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Bröderna Karamazov (まんがで読破 #10)

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4.31  ·  Rating details ·  184,754 Ratings  ·  8,079 Reviews
The award-winning translation of Dostoevsky's last and greatest novel.

The Brothers Karamazov is a passionate philosophical novel set in 19th century Russia, that enters deeply into the ethical debates of God, free will, and morality. It is a spiritual drama of moral struggles concerning faith, doubt, and reason, set against a modernizing Russia.
Hardcover, 843 pages
Published December 1st 1997 by Wahlström & Widstrand (first published 1880)
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Utkarsh Detha While it is true that Smerdyakov chose wrong means and lacked the virtues one is expected to have (courage, honesty etc.) he was in no way inferior to…moreWhile it is true that Smerdyakov chose wrong means and lacked the virtues one is expected to have (courage, honesty etc.) he was in no way inferior to Ivan in intellect. I think the reason behind this were the unjust norms of the society. Unlike Ivan, Smerdyakov the bastard had to live like a servant. He had no filial rights whatsoever. He wanted to pursue his own dreams but for that he had no support from anyone. Even though Fyodor Karamazov was the worst a father could be, his legitimate sons enjoyed certain privileges that Smerdyakov did not. These privileges came with their name. This was the main reason (as far as I could understand) why Smerdyakov devoted his intellect to petty issues, like manipulating others etc to achieve what he wanted (He dreamed of moving to France). Ivan on the other hand could afford to spend his intellectual resources on 'lofty' issues like the existence of god, etc. Smerdyakov was nearly as capable as Ivan, if not more. He was just deprived of the luxuries (to him, they were luxuries) that the name Karamazov gave to Ivan.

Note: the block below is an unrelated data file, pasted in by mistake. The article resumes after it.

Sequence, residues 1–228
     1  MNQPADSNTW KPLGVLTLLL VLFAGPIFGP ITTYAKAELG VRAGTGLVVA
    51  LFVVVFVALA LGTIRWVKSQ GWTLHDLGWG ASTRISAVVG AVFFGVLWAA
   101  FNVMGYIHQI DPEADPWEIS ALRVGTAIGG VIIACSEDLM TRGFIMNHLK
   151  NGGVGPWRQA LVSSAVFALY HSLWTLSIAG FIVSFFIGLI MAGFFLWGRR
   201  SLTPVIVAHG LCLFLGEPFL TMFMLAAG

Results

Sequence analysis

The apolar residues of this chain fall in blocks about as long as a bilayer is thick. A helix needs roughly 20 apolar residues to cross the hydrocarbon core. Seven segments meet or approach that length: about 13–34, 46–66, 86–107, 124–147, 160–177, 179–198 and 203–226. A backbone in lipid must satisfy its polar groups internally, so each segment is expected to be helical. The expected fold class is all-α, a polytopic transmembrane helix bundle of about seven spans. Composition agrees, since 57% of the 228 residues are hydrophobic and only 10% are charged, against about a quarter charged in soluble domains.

He was able to manipulate Ivan, implant ideas in the minds of everyone and most remarkably the Prosecutor's mind ( the Defense lawyer, Fetyukovich was able to see through his deception and considered him to be a very clever man). This corroborates his superior intellect.(less)
Paul All on Earth should read Greene's 'The Power & the Glory' as it has similar moral complexities and philosophical debates but more emotive due to…moreAll on Earth should read Greene's 'The Power & the Glory' as it has similar moral complexities and philosophical debates but more emotive due to the startling content and some of the best descriptive passages in literature. Maybe you've already read it(less)
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Rawley
Sep 07, 2008 rated it it was amazing  ·  review of another edition
If there was still any doubt, let me confirm that this actually is the greatest book ever written. But be warned that you need to set aside a solid month to get through it. And it's not light reading--this is a dense work of philosophy disguised as a simple murder mystery. But it's well worth the effort. It tackles the fundamental question of human existence--how best to live one's life--in a truly engaging way. Dostoevsky created 3 brothers (Ivan, Alexei, and Dmitri) with opposite answers to th ...more